The probe card of the present invention is usually constituted in the same manner as the probe cards illustrated in FIGS. 3 to 6, and conductor-filled through holes are made inside their ceramic board. The conductor-filled through holes are made of a high melting point metal such tungsten or molybdenum, or a electrically conductive ceramic such as tungsten carbide or molybdenum carbide.

The diameter of the conductor-filled through holes is desirably from 0.1 to 10 mm. This is because disconnection is prevented and further cracks and strain can be prevented. The shape of the conductor-filled through holes is not particularly limited. Examples thereof include a circular column shape, rectangular column shapes (such as a square column and a circular column) and the like.

In the probe card of the present invention, a conductor circuit for enlarging the pitch of wirings may be formed inside the ceramic board or on the surface thereof so as to be in parallel to main faces of the ceramic board. A terminal pad for connection to the probe 32 of the probe substrate maybe formed. By forming the conductor circuit, the enlargement degree of the pitch in the resin layer can be made small and the formation of the conductor circuit becomes easy. The conductor circuit may be formed only on one main face of the probe card. The conductor circuit or the terminal pad preferably comprises a high melting point metal such tungsten, molybdenum and the like or a electrically conductive ceramic such as tungsten carbide, molybdenum carbide and the like.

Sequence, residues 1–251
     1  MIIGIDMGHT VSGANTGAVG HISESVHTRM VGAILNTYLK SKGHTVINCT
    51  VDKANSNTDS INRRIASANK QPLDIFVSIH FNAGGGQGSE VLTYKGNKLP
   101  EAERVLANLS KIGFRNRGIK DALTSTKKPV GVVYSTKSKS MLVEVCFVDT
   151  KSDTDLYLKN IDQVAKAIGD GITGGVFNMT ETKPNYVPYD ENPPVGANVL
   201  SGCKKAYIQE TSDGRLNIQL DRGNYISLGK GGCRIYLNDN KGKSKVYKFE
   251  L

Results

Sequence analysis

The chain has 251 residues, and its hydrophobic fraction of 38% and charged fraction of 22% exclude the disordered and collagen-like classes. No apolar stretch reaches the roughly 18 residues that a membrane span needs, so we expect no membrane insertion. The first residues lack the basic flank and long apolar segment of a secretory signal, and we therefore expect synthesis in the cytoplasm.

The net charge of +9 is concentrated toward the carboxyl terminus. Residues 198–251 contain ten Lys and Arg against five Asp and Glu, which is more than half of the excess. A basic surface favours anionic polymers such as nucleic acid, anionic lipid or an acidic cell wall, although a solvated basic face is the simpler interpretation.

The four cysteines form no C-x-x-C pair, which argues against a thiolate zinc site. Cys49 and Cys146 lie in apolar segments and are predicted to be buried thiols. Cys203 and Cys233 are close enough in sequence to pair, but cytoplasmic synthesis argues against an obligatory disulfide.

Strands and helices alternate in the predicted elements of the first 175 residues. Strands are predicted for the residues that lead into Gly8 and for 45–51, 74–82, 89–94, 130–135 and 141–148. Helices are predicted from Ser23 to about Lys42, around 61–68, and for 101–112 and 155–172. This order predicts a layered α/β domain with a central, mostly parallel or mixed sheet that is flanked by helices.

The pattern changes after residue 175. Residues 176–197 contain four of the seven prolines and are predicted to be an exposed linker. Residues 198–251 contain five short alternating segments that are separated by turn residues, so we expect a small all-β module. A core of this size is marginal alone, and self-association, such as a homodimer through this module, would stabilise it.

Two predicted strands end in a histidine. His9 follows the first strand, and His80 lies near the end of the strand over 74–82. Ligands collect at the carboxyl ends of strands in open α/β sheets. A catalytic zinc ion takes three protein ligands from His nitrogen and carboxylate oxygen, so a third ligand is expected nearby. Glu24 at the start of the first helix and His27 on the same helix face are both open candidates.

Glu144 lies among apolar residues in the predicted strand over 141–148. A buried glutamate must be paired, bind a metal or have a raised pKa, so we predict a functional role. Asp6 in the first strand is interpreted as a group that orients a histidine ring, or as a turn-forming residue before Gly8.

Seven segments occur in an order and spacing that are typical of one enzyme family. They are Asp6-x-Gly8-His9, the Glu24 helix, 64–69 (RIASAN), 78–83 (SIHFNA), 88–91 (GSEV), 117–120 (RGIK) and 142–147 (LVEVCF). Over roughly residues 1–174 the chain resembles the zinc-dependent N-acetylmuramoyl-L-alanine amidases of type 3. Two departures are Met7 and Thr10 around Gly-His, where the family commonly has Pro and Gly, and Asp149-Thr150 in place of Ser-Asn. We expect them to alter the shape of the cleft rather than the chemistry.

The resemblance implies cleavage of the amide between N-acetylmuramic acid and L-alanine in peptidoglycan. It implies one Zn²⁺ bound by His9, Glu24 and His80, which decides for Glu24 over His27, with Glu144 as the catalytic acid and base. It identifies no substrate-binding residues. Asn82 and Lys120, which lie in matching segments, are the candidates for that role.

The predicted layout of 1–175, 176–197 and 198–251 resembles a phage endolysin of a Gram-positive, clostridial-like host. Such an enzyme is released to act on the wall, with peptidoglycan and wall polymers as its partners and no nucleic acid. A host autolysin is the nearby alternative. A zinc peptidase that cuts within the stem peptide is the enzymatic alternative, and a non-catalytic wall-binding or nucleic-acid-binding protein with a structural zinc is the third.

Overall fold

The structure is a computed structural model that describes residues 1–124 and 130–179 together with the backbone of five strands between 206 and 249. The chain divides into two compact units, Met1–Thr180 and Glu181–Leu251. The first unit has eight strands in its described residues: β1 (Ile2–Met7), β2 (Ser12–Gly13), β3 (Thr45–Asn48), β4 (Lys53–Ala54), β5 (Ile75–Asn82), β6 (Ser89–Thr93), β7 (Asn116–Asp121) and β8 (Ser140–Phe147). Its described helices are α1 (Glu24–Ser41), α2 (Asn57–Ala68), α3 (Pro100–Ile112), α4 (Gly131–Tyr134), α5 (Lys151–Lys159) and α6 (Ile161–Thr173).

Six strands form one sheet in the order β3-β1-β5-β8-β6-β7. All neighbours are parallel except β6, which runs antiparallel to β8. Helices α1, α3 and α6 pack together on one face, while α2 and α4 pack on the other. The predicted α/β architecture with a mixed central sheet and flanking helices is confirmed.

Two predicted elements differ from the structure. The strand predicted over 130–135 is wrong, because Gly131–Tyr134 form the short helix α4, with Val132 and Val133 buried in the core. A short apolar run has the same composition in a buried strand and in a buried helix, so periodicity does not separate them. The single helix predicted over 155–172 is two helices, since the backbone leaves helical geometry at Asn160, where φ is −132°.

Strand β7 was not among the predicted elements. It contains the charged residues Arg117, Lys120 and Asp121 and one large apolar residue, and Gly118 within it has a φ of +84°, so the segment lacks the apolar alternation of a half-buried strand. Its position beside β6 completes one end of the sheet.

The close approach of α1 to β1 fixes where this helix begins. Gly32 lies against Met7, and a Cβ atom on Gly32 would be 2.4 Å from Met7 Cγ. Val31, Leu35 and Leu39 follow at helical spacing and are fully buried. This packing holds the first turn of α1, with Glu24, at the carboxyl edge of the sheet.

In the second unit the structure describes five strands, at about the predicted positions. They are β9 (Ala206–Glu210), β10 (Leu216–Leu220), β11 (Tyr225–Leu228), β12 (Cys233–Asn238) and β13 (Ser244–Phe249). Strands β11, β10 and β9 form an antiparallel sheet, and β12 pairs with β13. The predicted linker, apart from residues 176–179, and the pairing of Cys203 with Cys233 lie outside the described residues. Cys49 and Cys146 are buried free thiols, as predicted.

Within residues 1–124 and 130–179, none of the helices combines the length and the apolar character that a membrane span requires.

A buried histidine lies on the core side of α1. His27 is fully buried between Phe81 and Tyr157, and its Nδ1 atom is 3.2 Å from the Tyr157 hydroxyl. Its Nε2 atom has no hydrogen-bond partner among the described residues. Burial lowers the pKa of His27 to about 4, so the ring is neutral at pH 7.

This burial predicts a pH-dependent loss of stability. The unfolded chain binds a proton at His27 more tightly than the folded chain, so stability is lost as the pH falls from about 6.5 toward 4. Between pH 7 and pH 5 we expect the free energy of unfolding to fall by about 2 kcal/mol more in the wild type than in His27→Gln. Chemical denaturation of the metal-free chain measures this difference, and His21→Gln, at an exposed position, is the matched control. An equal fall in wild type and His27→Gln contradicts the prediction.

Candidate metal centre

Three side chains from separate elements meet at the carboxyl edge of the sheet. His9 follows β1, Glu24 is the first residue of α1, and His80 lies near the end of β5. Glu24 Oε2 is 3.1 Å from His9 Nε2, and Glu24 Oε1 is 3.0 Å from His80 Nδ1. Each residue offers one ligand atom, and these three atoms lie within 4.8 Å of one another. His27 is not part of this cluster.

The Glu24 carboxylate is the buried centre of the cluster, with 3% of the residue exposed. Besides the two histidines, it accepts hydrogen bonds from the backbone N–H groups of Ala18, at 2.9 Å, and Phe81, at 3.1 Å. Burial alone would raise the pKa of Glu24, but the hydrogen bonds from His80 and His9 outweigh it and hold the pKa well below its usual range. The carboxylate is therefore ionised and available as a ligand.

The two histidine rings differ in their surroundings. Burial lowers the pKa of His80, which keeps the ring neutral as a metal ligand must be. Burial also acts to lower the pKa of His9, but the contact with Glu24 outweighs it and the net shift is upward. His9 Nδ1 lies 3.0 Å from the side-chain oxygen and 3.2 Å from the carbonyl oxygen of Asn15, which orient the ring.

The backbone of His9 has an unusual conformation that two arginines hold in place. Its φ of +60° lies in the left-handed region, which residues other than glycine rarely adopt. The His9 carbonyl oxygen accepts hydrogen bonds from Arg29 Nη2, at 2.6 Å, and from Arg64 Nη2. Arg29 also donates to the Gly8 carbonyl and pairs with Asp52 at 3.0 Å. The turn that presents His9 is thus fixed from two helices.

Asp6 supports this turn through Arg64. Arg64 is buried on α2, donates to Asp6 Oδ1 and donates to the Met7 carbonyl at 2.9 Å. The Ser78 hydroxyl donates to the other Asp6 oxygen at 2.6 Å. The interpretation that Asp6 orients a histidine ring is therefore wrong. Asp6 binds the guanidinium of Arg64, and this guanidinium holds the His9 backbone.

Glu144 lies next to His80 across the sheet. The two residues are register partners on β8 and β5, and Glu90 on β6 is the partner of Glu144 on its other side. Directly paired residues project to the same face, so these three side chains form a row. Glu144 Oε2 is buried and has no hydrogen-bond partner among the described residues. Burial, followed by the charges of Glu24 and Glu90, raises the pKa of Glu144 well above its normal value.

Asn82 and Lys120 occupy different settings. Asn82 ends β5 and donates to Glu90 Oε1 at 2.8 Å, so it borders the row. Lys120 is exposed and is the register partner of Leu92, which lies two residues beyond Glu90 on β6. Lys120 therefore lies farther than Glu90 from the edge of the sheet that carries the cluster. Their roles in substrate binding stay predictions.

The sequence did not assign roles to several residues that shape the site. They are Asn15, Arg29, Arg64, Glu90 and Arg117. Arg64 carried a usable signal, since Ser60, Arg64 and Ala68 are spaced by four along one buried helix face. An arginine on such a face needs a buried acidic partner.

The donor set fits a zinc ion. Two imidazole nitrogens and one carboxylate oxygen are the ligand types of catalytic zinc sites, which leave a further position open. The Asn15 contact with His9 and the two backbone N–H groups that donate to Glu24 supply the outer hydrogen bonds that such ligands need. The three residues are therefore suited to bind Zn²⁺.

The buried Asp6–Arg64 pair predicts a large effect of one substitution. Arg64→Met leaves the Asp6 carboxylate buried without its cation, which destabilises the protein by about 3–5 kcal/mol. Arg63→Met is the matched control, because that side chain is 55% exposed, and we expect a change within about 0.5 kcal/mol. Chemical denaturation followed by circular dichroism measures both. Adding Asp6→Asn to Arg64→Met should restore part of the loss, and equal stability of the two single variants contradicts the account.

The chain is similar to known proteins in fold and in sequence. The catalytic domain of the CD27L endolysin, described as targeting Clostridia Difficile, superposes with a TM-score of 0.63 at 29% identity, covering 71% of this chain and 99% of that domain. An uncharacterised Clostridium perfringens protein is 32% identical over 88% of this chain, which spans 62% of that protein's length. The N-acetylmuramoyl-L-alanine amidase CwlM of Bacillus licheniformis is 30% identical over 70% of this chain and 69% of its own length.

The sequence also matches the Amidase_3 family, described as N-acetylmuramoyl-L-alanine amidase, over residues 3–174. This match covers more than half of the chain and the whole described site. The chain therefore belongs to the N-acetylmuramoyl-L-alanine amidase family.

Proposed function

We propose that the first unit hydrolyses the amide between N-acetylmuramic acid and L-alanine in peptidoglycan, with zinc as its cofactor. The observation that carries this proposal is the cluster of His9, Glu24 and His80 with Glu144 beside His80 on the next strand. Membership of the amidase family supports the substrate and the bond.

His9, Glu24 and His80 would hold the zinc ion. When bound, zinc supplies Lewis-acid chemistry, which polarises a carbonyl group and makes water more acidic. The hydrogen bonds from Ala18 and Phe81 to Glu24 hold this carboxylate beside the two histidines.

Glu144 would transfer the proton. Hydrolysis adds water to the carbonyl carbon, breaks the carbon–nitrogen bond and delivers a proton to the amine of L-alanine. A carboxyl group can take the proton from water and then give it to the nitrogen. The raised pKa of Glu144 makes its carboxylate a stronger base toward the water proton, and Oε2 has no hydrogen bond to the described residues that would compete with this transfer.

The case may be, however, this conductor layer may be made of a noble metal such as gold, solver, platinum and the like, or a metal such as nickel and the like.

The area resistivity of the conductor-filled through holes, the conductor circuit, the terminal pad and the like is preferably from 1 to 50 μΩ/□.

If the area resistivity is more than 50 μΩ/□, the conductor-filled through holes and the like may generate heat or the inspecting device may make an erroneous decision by a drop in voltage and the like.

In order to form the conductor-filled through holes or the conductor circuits on the surface of the ceramic board or inside it, it is preferable to use a conductor containing paste comprising a metal or a electrically conductive ceramic.